Damage Prevention Best Practices Following a Disaster
When it comes to damage prevention following a disaster, Ready, Respond, Recover is an easy way to think about what needs to be done to be successful in safe and rapid restoration. The best defense is a good offense, and the first step is always preparation. It is imperative that an electric utility have a business continuity and crisis management plan that has been designed, implemented, and tested to ensure proper execution in a time of disaster. An automated mass emergency notification system is critical to assemble leadership, mobilize response teams and deliver messages to employees, contractors and customers through email, text messages and cell phones, assuming telecommunications services are still available. If not, Wireless Priority Service or Satellite Broadband Services would be necessary to communicate with teams. The team of emergency responders should be pre-trained and well versed on all processes and procedures well before an event occurs. This prevents the need for on-the-spot training for maps, clearances, lock out/tag out, etc. needed to work safely.
A large part of being ready is mitigation. Regularly scheduled patrol of overhead infrastructure as well as a robust vegetation management program reduces the likelihood of wires down due to tree contact, broken limbs, and uprooted trees. Also, where possible, aged underground infrastructure should be replaced at the end of its lifespan to reduce the likelihood of an unscheduled outage as old equipment with multiple repaired faults may pose a risk for increased outages during heat-related events.
Once the threat of the disaster has passed, assessment of the infrastructure is needed. Are there pockets of damage or is it more widespread? Do we need to de-energize circuits before work can safely begin? Do we need to remove debris before rebuilding and restoration can start? This information provides us a guide as to which emergency responders need to be called in first. The more information, the better the response.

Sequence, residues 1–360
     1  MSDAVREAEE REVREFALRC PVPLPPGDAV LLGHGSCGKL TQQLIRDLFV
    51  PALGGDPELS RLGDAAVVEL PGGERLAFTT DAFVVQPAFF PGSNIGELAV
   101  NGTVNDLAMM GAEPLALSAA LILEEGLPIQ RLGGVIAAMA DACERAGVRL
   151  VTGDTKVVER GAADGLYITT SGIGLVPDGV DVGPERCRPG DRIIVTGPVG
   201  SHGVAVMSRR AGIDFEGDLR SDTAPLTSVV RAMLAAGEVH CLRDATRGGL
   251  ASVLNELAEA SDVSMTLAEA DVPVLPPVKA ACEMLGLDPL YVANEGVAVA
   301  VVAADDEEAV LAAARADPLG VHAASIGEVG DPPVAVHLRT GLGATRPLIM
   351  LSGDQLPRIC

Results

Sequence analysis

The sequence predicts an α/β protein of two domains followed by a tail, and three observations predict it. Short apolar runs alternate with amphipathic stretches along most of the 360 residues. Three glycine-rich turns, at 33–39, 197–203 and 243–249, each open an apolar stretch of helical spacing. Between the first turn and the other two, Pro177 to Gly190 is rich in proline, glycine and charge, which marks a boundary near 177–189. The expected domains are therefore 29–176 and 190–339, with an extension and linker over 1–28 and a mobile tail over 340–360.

After assessment of the damage, begin to respond and dispatch much needed emergency personnel to the areas that can provide the safest and quickest path to restoration. Most disaster events are severe storms, high wind, ice, etc. After lines are de-energized for safety, send in tree crews and circuit patrollers first to remove debris so equipment can be accessed, and the damage assessed. Begin at the substation and work the mainline downstream resetting poles and rehanging wire until the circuit is complete and can be re-energized. This is followed by tap fuses off the main and finally services. During this time, it is important that coordination occur between the One Call System, the utility, its contractors and locators. This is a critical time, and some areas may contain hazards. Load is most likely out of configuration so communication between the crew and locator is needed so that locators are briefed on hazards and are not locating in areas where they don’t need to be, and crews aren’t digging where there are no marks. Joint Operation Centers that contain members of the municipality, the utility, etc., can help advise on access points or trouble areas and can also assist in getting word out to their constituents, especially about hazards on downed wires.